If you want to foil something that cannot be printed by a laser printer, then you’ll have to use foil stamping, which is a completely different machine and process. This also works better with textured paper and even plastic covers.
Optimizing Your Laminator
1. Use a laminator that has 10 mil setting or higher. Full control of temperature is preferred.
2. Set you laminator to slower speeds.
3. Make sure your laminator is wide enough for to fit your entire project and carrier!
Slow and hot, that’s what we want to ensure the laminator we choose is able to do. Pouch laminators with adjustable heats and speeds are the best for foil laminating. Since a carrier is a necessity, this means that more heat is needed to get through to the foil. Laminators that can laminate 10 mil pouches or higher are best. Slower speeds also allow for the foil to reach appropriate temperatures when going through the machine. Some laminators don’t necessarily change the heat for each pouch setting, they only change the speed--so ones with actual temperature controls (above 300 degrees Fahrenheit) are preferred. It’s best to experiment with speeds and heats to find what works best with your machine.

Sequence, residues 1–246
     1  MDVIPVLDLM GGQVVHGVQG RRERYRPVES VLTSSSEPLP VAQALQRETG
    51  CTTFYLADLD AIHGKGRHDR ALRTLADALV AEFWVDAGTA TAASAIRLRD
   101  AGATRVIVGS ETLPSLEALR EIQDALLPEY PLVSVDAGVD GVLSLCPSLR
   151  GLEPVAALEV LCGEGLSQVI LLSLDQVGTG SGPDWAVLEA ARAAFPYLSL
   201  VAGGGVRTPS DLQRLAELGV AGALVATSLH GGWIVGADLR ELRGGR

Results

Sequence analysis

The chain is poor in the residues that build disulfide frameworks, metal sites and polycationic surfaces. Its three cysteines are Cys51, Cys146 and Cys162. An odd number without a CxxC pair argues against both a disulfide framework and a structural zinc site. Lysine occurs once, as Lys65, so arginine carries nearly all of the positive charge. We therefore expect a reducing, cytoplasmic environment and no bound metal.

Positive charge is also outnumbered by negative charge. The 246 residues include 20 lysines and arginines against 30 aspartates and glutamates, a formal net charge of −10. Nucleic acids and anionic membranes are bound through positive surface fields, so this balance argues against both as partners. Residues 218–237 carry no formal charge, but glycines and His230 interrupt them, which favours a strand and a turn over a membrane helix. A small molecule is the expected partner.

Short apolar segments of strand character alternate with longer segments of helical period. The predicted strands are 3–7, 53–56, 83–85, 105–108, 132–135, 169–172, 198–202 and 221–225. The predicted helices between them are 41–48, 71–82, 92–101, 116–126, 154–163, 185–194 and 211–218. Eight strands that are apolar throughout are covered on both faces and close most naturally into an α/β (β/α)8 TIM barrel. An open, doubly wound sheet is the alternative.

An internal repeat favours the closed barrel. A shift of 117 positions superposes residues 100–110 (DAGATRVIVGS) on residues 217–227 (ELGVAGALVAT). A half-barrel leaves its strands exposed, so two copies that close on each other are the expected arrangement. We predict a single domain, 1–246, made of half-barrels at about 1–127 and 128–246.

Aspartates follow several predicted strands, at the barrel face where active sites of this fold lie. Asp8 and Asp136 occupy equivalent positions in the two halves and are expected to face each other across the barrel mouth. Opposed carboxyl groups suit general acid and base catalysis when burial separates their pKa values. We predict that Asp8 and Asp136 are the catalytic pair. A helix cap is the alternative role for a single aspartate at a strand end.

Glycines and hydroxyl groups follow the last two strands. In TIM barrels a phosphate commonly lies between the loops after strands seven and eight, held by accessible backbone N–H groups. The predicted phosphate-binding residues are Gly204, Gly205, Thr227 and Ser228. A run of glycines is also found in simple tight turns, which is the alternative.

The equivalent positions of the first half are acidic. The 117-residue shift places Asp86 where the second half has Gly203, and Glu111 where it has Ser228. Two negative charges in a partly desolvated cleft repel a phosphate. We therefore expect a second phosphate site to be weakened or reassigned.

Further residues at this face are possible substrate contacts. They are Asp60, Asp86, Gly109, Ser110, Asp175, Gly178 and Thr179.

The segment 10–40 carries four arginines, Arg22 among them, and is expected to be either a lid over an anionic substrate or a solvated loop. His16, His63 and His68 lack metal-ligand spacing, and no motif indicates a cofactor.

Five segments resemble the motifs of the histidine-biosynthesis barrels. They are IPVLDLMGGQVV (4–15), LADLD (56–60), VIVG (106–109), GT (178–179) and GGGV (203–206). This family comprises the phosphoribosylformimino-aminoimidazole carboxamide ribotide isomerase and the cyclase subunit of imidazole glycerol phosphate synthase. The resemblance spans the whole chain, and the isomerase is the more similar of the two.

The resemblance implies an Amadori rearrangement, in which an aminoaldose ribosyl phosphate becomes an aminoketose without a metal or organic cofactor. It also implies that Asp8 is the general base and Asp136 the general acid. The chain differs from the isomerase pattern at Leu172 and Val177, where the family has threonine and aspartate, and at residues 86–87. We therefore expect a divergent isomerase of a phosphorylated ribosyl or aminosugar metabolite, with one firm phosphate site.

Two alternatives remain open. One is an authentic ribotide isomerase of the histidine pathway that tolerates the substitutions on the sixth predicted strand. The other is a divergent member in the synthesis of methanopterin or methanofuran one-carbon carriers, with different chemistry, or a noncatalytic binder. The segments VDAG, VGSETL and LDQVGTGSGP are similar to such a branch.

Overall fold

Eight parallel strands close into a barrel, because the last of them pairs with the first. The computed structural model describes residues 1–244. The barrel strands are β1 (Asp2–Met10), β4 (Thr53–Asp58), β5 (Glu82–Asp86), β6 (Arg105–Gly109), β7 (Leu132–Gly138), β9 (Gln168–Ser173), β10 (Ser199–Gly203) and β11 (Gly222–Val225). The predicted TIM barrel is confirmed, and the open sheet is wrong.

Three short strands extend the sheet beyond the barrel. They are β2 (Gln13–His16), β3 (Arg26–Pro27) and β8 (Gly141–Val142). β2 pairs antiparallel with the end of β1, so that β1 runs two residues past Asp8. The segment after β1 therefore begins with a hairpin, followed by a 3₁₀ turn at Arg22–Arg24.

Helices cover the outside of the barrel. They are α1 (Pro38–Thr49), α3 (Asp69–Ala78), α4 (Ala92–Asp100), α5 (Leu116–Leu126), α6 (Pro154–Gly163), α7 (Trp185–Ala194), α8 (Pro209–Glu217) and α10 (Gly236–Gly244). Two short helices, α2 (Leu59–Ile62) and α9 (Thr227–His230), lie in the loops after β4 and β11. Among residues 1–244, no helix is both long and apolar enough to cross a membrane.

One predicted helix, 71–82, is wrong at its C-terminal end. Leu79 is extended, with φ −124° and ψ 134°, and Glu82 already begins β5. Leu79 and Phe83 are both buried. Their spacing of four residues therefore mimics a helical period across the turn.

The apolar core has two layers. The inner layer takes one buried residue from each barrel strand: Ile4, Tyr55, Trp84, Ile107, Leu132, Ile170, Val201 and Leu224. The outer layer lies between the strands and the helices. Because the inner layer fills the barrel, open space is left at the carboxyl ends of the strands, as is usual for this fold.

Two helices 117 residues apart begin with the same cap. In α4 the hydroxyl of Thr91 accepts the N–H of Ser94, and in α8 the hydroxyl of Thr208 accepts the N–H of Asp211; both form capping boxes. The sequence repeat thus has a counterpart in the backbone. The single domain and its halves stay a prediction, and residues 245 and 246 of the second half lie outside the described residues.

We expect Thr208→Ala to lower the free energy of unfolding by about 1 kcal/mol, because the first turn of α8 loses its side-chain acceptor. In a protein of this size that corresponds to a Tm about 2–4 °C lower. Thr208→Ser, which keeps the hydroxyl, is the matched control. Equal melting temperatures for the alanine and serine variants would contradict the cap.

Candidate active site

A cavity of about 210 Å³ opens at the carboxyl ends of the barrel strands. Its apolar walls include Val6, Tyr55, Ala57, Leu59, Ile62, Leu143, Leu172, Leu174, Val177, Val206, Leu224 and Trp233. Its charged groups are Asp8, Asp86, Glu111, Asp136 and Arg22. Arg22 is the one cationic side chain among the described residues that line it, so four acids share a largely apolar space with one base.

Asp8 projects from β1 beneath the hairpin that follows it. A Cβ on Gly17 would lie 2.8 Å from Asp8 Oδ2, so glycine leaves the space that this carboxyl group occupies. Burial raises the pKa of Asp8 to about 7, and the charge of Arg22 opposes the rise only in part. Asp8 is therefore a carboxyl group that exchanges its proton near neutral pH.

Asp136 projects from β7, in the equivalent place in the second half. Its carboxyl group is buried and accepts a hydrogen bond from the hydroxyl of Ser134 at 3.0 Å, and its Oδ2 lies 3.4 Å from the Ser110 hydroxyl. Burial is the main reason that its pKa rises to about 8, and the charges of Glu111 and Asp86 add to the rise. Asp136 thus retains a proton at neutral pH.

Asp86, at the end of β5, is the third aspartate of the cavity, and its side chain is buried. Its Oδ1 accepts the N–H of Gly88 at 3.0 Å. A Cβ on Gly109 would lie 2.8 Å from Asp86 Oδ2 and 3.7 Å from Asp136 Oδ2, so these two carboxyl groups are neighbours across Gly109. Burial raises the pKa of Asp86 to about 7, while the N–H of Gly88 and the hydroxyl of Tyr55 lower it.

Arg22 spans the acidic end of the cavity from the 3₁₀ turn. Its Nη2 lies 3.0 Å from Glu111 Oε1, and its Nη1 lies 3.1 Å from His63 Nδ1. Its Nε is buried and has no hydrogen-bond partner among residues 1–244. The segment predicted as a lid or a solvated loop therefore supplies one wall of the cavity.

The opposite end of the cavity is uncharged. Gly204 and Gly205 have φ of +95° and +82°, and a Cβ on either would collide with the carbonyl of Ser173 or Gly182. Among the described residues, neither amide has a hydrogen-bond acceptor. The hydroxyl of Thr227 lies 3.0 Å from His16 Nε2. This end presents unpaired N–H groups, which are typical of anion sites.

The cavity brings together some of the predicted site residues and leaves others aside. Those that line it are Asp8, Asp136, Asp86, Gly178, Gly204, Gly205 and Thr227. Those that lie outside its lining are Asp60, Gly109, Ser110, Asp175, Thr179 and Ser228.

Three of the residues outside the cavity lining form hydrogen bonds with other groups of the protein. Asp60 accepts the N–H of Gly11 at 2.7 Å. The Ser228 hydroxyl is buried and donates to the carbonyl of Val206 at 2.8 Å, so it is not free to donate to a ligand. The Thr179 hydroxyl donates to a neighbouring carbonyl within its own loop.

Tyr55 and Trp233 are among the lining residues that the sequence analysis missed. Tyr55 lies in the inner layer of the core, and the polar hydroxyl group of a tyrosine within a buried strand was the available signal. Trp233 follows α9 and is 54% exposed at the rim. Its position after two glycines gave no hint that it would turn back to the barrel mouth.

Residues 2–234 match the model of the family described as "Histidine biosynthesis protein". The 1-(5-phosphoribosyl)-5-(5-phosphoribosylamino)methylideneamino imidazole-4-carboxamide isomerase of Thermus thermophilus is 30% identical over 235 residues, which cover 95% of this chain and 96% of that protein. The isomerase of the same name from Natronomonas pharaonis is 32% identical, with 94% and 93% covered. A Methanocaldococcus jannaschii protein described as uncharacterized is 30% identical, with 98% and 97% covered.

How to Only Apply Foil to Sections of Your Project
- 1. For projects where you want foil and printed text on the same page, or even multiple colors of foil on the same page, make sure to cut pieces of foil to fit each corresponding section.
2. For sections you don’t want to apply foil cover them with paper to prevent ink transfer to the carrier.